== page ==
Indie music has grown to include so much. It’s not just music that is released on independent labels, but speaks to an aesthetic that deviates from the norm and follows its own weirdo heart. It can come in the form of rock music, pop, or folk. In a sense, it says as much about the people that are drawn to it as it does about the people that make it.
Every week, Uproxx is rounding up the very best of the indie releases from the past seven days. This week saw Sleater-Kinney officially announce their new St. Vincent-produced LP, Julien Baker share two rare tracks, and Vagabon return with a new sound.
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Vagabon — “Flood Hands”
Shortly after announcing a support slot on Angel Olsen’s first full band tour since 2017, Vagabon — real name Laetitia Tamko — shared a brand new track to preview her forthcoming sophomore LP, All The Women In Me. “Flood Hands” a bit of a sonic departure from her previous work, leaning more heavily on electronic influences, but this just adds to the wonder of Vagabon. “It’s a seriously gorgeous song, sparkling with impeccable production (Tamko wrote and produced every song on All The Women In Me) and Tamko’s airy, evocative vocals,” writes Derrick Rossignol for Uproxx.
Sleater-Kinney — “The Future Is Here”
Only a few weeks after unveiling the barn-storming new track “Hurry On Home,” Sleater-Kinney has officially announced their new St. Vincent-produced LP The Center Won’t Hold will be out in August. With the announcement, they shared another new track, this one called “The Future Is Here,” which finds Corin Tucker lamenting about the ways that technology — and specifically smartphones — have affected the human experience. More reliant on synths instead of guitars, “The Future Is Here” sets out to make a statement about the state of our world.
Strange Ranger — “Living Free”
One of the most consistent and still underrated bands in the indie world, Strange Ranger are gearing up to release their new album Remembering The Rockets later this summer on Tiny Engines (our label of the year for two consecutive years). “Living Free” is the second sampling of the new record, and showcases a sound more influenced by the ethereal existentialism of The Cure than their DIY-adjacent peers.
Joan Shelley — “Coming Down For You”
For her first original song in two years, Joan Shelley retreated to Greenhaus Studios in Reykjavik, Iceland with longtime collaborators Nathan Salsburg, James Elkington, and Bonnie “Prince” Billy to piece together a uniquely beautiful number that places lightly plucked string instruments in the background, making sure that Shelley’s vocal talent is on full display. It’s certainly a promising preview of what’s to come.
Purple Mountains — “Darkness And Cold”
Returning from a decade of silence, Silver Jews’ David Berman has done a bit of rebranding, releasing a short EP called All My Happiness Is Gone under the name Purple Mountains. Now, “Darkness And Cold” is the first taste of Purple Mountains’ debut self-titled LP, showcasing Berman’s penchant for effortless, yet incredibly catchy songwriting. The whole thing comes with a very strange VHS-shot concept video, too, which is… something else.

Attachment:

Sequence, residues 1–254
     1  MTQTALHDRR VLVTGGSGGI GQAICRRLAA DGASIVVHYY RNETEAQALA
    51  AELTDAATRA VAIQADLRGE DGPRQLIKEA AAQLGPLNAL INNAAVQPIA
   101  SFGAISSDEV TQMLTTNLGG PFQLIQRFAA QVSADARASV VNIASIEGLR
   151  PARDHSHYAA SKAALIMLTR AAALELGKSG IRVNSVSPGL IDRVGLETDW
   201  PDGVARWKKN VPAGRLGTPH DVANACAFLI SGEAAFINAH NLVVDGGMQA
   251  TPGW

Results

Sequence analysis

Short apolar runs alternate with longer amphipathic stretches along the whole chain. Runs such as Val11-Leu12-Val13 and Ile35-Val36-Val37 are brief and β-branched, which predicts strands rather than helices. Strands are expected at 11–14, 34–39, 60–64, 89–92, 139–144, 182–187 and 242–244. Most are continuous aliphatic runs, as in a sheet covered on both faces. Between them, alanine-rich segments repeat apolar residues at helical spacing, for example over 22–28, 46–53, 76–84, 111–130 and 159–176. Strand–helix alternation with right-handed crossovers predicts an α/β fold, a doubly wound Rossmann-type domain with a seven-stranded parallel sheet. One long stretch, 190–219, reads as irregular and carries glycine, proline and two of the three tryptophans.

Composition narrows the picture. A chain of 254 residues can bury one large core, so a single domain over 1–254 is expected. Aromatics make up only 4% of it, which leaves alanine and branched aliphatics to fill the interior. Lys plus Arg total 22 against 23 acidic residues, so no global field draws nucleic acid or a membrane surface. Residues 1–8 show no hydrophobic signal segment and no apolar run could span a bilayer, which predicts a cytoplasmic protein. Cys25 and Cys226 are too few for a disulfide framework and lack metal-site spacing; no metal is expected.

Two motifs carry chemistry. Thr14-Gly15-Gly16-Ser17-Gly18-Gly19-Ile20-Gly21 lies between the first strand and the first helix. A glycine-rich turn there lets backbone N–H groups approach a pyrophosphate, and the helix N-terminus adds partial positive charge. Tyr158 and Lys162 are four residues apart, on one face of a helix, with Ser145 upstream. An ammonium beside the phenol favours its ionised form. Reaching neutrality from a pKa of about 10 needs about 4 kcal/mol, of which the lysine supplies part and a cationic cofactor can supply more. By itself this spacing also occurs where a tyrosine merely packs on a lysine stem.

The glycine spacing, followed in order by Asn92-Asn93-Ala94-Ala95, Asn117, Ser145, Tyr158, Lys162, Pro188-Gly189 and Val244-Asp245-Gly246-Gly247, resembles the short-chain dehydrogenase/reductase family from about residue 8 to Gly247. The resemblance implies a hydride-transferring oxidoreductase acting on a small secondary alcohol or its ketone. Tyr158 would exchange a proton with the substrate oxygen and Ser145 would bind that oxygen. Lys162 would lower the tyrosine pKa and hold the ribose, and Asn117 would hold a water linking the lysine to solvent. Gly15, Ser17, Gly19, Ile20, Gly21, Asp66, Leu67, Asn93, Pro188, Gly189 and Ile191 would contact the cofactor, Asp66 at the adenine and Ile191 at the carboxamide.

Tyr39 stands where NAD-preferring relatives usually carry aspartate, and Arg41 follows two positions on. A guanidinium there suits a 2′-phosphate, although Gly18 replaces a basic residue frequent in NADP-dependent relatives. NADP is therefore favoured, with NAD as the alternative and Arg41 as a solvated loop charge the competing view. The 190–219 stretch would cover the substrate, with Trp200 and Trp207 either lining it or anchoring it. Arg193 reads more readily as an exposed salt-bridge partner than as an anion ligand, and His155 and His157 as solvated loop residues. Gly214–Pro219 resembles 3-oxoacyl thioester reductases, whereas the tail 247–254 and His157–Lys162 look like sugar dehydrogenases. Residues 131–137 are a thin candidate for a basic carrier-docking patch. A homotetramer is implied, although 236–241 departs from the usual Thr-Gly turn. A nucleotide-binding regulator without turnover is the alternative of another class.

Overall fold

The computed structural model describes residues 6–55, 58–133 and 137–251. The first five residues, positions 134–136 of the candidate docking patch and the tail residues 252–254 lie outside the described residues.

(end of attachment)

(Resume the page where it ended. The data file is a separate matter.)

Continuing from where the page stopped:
Black Belt Eagle Scout — “At The Party”
If you didn’t already know, Black Belt Eagle Scout is the project of Katherine Paul, whose previous music revolved around a life as a radical indigenous queer feminist. On the new album At The Party With My Brown Friends, however, Paul is focused more on cultivating relationships and spreading love. The album’s title track is an astounding reverb-soaked number with sprawling guitars that track up and down the length of the neck as Paul easily transitions between near-whispered verses and heady falsetto choruses.
Julien Baker — “Red Door” / “Conversation Piece”
Any new Julien Baker is good Julien Baker. For this year’s Record Store Day, indie’s most insightful and devastating songwriter released a 7″ with two brand new tracks in extremely limited quantity. Now, she has unveiled the tracks on streaming services, making them available for all to sit with. “They’re right in the same vein as her past releases, elegant and emotional, packed with feeling and sad in spirit, if still hopeful in tone,” writes Caitlin White for Uproxx. Here’s to hoping Baker’s third full-length album is also imminent.
Julia Shapiro — Perfect Vision
Best known as the vocalist for beloved Seattle band Chastity Belt, Julia Shapiro focused inward for her debut solo album. Written and recorded in the midst of an existential crisis and more worldly overwhelming health issues, Perfect Vision ponders big questions: What does it mean to truly love yourself? What does self-improvement actually look like? Is social media destroying our lives? See above for Sleater-Kinney’s thoughts on the matter. If you’ve found yourself wondering one or more of these questions, Julia Shapiro’s Perfect Vision is here to ponder with you.
Bill Callahan — Shepherd In A Snakeskin Vest
It feels like Shepherd In A Snakeskin Vest, Bill Callahan’s first album in six years, has already come out three times already because of the release strategy of sharing 5-6 tracks in little bundles. Now, the full 20-track effort is available to your listening pleasure, a ruminating document of self-examination and what the singer-songwriter has been up to for the better part of the 2010s.
Crumb — Jinx
One of the most newly discussed projects in the indie sphere, Crumb has finally delivered their debut full-length album, Jinx. Spanning the full spectrum between bedroom pop and full reverb-soaked shoegaze, Jinx also touches upon elements of post-punk, pop-punk, funk, industrial noise, and more. It’s without a doubt one of the most diverse records I’ve heard in a long time. There is a saxophone on the first song. Get into it!
Some artists covered here are Warner Music artists. Uproxx is an independent subsidiary of Warner Music Group.